5 Ways To Pay For College Without TA

March 15, 2013 | Kate Horrell

Many military servicemembers were surprised when branches started suspending tuition assistance programs this week.  As you may know, I wasn’t very surprised because I thought this cut was coming years ago.  Regardless, there are lots of people who would like to continue pursuing their education but aren’t sure how to pay for it without tuition assistance.

Post 9/11 GI Bill

Active duty servicemembers may use their Post 9/11 GI Bill benefits while they are still serving.  This may not be the best option, as you lose the housing allowance portion of the benefit.  However, it is certainly still a good way to pay for classes without taking money out of your pocket.

Federal Aid

The federal government offers grants to students who are below a certain income level.  The most common is the Pell Grant.  Pell Grant facts:

  • you must fill out the Free Application for Federal Student Aid (FAFSA)
  • awarded for undergraduate education and some post-graduate teacher certification programs.
  • maximum award for 2012-2013 school year is $5,500
  • actual award amount depends on financial need, cost of attendance, full- or part-time status, and number of months of assistance
  • grants do not have to be repaid
  • maximum of 12 full-time semesters of aid
  • most grants go to families with incomes of less than $30,000, but eligibility extends up to total family income of $60,000

School Assistance

Nearly every college, university or training school offers financial assistance to eligible students.  Most schools utilize the FAFSA as the first step in applying for their programs.  The amount or type of assistance offered by the school varies.  The school may offer grants that do not have to be repaid, scholarships that do not have to be repaid, fellowships that require some sort of service or educational commitment, or school loans.  The best place to learn about these options is through the school’s financial aid office.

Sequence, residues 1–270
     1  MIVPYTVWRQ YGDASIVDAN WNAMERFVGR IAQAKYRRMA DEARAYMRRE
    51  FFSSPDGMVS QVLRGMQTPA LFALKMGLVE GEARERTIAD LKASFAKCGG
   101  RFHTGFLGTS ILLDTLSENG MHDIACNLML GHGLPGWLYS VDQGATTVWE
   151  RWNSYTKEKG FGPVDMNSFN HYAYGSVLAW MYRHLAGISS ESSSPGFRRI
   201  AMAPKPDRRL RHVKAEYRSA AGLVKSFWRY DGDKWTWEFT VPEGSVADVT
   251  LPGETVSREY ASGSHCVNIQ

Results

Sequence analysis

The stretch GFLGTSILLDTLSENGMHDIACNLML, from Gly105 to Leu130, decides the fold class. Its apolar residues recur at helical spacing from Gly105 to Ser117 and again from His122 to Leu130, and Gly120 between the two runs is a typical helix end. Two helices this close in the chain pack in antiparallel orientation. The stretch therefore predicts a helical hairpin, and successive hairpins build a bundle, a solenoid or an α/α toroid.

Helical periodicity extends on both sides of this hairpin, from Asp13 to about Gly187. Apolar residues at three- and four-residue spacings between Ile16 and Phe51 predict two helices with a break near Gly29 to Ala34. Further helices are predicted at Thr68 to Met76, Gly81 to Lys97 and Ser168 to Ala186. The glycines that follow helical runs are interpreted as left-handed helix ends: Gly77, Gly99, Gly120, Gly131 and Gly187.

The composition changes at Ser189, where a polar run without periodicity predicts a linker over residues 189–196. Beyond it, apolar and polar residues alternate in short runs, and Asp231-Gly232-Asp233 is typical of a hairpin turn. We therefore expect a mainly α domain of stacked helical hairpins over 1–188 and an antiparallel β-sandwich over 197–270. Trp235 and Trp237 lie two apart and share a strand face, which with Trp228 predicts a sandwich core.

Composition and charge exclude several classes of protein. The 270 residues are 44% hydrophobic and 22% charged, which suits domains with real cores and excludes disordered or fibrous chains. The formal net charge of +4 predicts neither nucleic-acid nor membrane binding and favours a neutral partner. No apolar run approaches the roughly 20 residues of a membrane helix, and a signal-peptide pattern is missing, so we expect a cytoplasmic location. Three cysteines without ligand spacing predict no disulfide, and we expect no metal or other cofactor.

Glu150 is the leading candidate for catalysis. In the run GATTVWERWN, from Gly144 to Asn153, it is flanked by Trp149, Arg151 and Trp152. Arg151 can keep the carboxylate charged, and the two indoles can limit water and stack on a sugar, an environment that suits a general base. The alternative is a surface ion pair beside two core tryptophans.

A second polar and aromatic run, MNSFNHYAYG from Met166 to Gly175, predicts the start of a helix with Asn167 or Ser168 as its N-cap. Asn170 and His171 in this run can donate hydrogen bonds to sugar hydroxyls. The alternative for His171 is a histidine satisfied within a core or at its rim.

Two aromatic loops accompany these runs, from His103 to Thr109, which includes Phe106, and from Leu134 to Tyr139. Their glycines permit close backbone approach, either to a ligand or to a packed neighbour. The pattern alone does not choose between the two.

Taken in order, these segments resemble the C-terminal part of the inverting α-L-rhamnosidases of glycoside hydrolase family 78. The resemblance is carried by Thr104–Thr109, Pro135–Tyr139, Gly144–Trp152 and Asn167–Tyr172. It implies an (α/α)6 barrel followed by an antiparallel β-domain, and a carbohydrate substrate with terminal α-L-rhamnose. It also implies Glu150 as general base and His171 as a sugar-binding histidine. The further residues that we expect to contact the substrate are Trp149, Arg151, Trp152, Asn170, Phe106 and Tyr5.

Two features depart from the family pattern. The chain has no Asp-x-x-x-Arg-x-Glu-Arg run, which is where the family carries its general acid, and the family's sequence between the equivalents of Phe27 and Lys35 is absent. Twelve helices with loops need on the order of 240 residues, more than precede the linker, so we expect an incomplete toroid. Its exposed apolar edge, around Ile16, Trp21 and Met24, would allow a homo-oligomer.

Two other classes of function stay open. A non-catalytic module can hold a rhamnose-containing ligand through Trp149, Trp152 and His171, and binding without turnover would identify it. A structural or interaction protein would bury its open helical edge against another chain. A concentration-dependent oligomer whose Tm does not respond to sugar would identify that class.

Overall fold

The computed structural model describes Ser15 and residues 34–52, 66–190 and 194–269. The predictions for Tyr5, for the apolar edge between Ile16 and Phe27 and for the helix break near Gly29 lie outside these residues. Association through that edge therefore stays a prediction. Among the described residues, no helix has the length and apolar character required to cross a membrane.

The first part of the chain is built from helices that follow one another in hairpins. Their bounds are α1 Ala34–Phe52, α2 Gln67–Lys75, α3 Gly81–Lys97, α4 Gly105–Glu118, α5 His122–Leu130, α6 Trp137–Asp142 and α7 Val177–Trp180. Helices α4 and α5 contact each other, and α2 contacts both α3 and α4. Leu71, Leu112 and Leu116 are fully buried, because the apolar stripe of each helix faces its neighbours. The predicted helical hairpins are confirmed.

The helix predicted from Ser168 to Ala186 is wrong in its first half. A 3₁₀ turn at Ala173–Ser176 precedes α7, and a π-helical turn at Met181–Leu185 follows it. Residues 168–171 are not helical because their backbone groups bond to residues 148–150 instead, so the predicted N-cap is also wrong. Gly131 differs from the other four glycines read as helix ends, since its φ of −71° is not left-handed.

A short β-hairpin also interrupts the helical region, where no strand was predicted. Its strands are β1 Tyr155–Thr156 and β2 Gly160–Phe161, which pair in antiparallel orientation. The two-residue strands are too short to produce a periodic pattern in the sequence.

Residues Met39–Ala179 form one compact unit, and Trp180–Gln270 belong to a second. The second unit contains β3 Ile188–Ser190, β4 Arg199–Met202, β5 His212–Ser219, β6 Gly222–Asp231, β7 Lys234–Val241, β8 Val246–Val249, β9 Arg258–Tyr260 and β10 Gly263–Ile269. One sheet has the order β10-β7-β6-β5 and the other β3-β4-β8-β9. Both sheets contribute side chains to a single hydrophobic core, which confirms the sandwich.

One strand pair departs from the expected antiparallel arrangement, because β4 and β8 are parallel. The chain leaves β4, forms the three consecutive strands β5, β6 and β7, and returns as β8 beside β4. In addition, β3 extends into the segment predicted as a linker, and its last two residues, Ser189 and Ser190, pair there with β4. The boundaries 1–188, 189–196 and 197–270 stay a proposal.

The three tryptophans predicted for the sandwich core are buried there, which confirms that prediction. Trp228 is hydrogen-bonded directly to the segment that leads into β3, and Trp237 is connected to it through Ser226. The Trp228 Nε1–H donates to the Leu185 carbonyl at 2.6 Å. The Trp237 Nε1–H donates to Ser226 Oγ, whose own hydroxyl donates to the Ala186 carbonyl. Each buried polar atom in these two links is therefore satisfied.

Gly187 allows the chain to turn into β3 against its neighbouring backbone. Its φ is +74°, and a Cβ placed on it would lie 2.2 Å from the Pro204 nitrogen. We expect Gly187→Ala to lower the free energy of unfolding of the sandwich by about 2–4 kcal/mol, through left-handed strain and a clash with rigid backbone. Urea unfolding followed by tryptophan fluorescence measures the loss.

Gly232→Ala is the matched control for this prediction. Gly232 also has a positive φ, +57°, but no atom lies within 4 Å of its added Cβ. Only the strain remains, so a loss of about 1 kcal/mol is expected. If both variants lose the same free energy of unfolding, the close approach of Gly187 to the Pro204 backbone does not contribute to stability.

Take Advantage of Tax Credits for Education

US taxpayers are eligible for generous tax credits if they have paid educational expenses during the tax year.  The rules tend to change from year to year, and even within the year if Congress is feeling crazy.  (Like recently.)

I want to put a nice, clear list of the tax deductions and credits here.  However, I feel like I would be putting myself in a bad place because it could well very be wrong next week, or next month.  This is a case where I encourage you to do an internet search for the exact correct information at the time that you take your classes, and also again when you complete your income tax return.  It is almost more of a “bonus” when you get this income tax credit because I don’t feel like we can accurately predict how much might be returned each year.

Private Scholarships

There are literally millions of dollars in college scholarships available every year.  I try to highlight the ones that apply to military families here at The Paycheck Chronicles.  Scholarship search engines such as FastWeb can help you search, and the staff at your base education office may be a good resource for potential sources of funding.  Check with your installation’s spouses’ clubs.  Some allow active duty to apply.  Mostly you just have to take time and energy to be regularly searching and applying.

Don’t let the suspension of Tuition Assistance programs make you postpone your education.  A solid bachelors degree in a marketable field will pay for itself several times over, and there are many ways to pay for those classes.  Keep studying!

Comments

  1. James M. Horak says:
  2. Jim Young says: